Water company awaits sentencing after sewage released into Chichester Harbour

Southern Water could be facing an unlimited fine after discharging large volumes of raw sewage into protected coastal waters for six years.

Wednesday, 7th July 2021, 1:58 pm

After its biggest ever investigation, the Environment Agency brought a prosecution against Southern Water Services Ltd in relation to 51 environmental offences from 16 Wastewater Treatment Works (WwTW) and one Combined Sewer Overflow.

Guilty pleas were entered to all the offences, some of which took place at Chichester Harbour and span a period of six years, between January 1, 2010 and December 31, 2015.

The court documents read: “The offending in this case concerns not only the coast of Kent, but Sussex, including Chichester Harbour, and Hampshire. The whole area is used for amenities and there are a number of areas for shell fisheries.”

Chichester Harbour at Prinsted. Picture by Steve Robards

An enforcement notice was served on Southern Water Services in April 2013, requiring a number of steps to be taken towards bringing the storm discharge at the WwTW into ‘compliance with the permit’ and ‘minimising its impact on Chichester Harbour’.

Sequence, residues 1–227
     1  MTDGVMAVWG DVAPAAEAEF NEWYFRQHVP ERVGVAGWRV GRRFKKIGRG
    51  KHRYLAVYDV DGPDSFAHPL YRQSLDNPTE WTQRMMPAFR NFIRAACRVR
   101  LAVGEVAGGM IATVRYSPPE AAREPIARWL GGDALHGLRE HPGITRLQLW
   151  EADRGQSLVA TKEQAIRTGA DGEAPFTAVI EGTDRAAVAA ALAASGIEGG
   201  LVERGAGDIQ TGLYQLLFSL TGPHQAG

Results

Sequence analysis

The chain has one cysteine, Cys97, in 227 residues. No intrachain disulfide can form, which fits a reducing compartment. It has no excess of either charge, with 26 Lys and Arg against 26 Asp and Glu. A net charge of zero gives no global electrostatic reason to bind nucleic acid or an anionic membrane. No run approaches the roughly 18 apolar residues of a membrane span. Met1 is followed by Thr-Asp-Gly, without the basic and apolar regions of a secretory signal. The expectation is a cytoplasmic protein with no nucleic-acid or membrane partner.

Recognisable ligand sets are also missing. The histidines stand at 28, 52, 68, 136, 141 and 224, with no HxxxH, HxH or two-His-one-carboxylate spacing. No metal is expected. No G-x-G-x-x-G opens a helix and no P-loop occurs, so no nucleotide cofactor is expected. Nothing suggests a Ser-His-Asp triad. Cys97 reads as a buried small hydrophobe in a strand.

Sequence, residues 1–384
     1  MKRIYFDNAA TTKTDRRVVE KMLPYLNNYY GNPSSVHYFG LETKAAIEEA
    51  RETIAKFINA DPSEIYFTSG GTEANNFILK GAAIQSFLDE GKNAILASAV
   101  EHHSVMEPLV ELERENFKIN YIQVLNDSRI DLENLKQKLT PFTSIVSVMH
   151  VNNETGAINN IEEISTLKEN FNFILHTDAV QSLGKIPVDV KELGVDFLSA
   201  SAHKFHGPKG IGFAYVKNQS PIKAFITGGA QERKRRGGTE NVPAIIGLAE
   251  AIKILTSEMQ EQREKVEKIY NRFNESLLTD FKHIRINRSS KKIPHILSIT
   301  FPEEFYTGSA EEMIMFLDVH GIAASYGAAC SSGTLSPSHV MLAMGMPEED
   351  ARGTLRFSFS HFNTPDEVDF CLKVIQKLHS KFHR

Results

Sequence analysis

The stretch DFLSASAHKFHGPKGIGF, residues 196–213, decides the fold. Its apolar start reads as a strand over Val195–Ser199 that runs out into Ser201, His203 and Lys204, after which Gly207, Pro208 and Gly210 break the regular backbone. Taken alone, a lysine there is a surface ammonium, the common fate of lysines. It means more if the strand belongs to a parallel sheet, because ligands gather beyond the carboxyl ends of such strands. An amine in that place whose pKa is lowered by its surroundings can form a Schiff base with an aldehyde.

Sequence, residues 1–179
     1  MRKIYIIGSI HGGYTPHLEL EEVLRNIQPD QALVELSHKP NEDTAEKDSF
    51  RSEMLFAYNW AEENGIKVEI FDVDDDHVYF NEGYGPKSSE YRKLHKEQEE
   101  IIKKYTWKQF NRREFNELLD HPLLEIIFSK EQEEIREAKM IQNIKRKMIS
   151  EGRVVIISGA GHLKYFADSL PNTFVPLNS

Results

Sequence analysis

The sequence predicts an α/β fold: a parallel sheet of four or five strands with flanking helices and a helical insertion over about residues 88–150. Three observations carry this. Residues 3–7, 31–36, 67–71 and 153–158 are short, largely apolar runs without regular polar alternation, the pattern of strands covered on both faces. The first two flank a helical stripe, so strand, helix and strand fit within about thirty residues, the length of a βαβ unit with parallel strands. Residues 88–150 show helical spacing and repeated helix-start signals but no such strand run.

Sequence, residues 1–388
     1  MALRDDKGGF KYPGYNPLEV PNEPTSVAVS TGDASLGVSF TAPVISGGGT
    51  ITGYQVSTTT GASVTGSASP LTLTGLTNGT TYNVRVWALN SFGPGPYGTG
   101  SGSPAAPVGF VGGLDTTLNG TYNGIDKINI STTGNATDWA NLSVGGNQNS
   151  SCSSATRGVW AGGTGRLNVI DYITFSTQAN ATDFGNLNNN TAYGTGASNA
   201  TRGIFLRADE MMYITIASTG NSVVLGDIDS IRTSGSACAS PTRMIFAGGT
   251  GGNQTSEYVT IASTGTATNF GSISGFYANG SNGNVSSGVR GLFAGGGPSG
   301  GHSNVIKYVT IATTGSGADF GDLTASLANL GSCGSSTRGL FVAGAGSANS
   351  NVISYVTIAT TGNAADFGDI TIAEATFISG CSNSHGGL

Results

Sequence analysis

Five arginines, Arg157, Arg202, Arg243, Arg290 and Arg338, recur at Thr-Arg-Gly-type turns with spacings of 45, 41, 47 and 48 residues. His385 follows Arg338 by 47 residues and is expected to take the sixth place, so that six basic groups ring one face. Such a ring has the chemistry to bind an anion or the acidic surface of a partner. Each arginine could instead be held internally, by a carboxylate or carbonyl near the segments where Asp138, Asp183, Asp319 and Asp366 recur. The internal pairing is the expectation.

“The storm discharge was identified as a significant contributory factor in the high nitrate and bacteria levels observed within Chichester Harbour,” a spokesperson said.

Southern Water was then required to; provide ultraviolet disinfection on the storm tank discharge to Chichester Harbour by March 31, 2014; carry out an investigation into the impacts of nitrates in the storm discharge upon weed growth in Chichester Harbour and carry out an infiltration investigation of the Chichester wastewater infrastructure. The court spokesperson added: “From the point at which the ultraviolet disinfection on the storm discharge became operational in April 2014, the bacterial impact on the shellfish water has decreased.

“An improvement in shellfish flesh sample quality can be seen in the monitoring results since this time.”

The sentencing hearing began at Canterbury Crown Court on Tuesday and will finish on Friday.

The court will ‘determine the full extent of offending’ before deciding on a sentence ‘immediately afterward’.

The maximum sentence for each offence when tried on indictment is an unlimited fine in the case of organisations. The maximum sentence for individuals when tried on indictment is an unlimited fine and/or five years imprisonment.